Passive voice sucks the energy out of writing like a lamprey. My next writing assignment in an interdisciplinary seminar I’m teaching is to have students write an essay without using the passive voice. Use of the passive voice will result in a letter grade reduction on that assignment. My hope is that this exercise will focus our minds on word choice.

To help students appreciate and understand passive voice, I thought I’d share with them George Orwell’s essay “Politics and the English Language.” Google turned up several URLs with the text. Here are the top ranked results:

  1. “Politics and the English Language” from a site in Russia

  2. “Politics and the English Language” from Stanford’s Master of Liberal Arts program

  3. “Politics and the English Language” from Philip Atkinson’s ‘A Theory of Civilization’ site

  4. “Politics and the English Language” from the ‘Guide to Grammar and Writing’ site at Capital Community College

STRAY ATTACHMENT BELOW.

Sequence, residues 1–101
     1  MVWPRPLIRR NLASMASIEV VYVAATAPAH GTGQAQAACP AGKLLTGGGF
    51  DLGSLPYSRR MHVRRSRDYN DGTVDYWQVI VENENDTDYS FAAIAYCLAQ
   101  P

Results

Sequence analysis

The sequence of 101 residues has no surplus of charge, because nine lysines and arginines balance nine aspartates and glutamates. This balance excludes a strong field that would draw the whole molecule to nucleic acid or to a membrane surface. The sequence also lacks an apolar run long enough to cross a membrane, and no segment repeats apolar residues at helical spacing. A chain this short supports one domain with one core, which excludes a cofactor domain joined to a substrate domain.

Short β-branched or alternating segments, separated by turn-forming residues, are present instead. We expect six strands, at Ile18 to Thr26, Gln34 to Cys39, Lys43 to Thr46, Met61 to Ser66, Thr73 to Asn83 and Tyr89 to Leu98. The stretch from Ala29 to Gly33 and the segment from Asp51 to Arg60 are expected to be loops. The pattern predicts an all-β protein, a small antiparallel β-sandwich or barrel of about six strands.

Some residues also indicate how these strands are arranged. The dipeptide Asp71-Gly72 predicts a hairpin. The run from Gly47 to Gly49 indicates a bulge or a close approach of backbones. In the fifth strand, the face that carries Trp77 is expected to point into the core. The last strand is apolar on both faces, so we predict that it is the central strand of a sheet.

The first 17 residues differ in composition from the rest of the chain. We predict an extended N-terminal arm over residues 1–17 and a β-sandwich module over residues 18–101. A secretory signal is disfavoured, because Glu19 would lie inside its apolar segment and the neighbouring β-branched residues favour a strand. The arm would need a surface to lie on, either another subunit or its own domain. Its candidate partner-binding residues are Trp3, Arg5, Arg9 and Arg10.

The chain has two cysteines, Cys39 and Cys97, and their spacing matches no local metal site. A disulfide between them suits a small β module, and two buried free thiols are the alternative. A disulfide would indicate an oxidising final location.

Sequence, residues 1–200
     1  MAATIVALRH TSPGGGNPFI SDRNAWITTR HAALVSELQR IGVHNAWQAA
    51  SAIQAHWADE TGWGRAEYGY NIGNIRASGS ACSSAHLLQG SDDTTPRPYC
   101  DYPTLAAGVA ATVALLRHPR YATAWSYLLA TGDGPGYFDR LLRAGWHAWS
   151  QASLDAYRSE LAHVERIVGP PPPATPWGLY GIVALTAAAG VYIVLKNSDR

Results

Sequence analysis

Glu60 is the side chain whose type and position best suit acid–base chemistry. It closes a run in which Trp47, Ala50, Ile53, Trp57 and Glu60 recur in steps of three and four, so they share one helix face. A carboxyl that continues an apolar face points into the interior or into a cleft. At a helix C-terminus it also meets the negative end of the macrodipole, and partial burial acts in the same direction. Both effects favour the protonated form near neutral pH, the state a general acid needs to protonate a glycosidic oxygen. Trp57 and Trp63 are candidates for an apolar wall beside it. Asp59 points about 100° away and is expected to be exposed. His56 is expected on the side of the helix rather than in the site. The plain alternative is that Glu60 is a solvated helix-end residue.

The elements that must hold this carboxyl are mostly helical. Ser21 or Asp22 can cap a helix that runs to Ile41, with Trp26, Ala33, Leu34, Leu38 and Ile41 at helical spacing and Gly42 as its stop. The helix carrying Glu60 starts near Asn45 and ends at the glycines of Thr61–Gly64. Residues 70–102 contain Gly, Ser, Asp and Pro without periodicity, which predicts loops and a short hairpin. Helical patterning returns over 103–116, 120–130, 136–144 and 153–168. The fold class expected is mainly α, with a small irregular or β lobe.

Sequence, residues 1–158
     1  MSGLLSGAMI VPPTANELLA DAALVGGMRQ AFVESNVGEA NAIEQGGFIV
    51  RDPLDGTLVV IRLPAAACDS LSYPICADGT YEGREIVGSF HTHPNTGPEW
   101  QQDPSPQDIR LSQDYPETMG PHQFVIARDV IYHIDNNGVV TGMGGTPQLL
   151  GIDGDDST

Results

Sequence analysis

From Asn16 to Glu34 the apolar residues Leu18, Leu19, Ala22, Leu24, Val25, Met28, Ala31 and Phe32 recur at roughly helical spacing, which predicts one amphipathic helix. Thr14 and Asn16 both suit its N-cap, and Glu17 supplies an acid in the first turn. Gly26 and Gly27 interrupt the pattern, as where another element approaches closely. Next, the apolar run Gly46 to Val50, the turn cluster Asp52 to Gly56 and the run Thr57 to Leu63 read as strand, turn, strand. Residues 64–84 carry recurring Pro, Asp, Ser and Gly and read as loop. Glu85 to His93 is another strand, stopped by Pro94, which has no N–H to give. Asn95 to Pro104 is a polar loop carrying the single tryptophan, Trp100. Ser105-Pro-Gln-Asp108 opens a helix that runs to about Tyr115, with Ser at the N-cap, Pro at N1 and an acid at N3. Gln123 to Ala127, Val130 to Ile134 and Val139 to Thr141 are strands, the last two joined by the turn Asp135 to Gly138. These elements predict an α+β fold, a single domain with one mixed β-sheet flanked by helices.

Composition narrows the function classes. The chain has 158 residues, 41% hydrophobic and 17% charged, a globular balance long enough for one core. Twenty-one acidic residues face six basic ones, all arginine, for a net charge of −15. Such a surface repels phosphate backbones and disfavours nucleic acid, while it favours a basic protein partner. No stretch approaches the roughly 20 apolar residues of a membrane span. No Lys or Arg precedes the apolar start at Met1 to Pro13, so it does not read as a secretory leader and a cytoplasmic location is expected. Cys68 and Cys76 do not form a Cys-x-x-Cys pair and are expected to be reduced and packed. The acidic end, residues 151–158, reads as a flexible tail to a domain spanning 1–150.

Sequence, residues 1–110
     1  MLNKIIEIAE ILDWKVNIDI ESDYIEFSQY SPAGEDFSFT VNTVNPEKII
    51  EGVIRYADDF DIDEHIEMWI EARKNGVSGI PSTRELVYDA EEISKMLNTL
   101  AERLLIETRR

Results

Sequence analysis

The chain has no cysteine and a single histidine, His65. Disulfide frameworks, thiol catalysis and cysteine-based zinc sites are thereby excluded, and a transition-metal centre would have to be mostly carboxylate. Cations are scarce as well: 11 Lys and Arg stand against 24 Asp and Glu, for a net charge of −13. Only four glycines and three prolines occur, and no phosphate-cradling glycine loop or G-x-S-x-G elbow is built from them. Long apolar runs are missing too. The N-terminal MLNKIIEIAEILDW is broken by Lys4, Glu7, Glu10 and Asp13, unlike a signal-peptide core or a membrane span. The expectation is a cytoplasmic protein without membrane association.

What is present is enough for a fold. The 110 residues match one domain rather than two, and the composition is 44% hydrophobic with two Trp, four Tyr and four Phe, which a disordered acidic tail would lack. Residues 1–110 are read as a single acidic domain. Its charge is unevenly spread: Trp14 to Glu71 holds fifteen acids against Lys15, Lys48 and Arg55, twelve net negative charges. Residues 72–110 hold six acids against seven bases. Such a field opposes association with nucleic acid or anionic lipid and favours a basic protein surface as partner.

There are many more search results that also lead to full-text copies of this essay.

If you look at these presentations of the essay, it becomes pretty clear that how the essay is presented makes a difference to the reader. Some are easier to read than others. Once a person understands this, they start making rational decisions about font (e.g., serif or sans serif), font face (bold or italics), font size, line spacing, the inclusion of diagrams or pictures, etc. It’s not a Big Thing, but it’s a writing Thing.

I omitted from the above list one of the top results of my Google search for Orwell’s essay. it was Wikipedia’s page on the essay: Politics and the English Language. It’s not a substitute for the essay (though it has a nice summary), but it does add some value.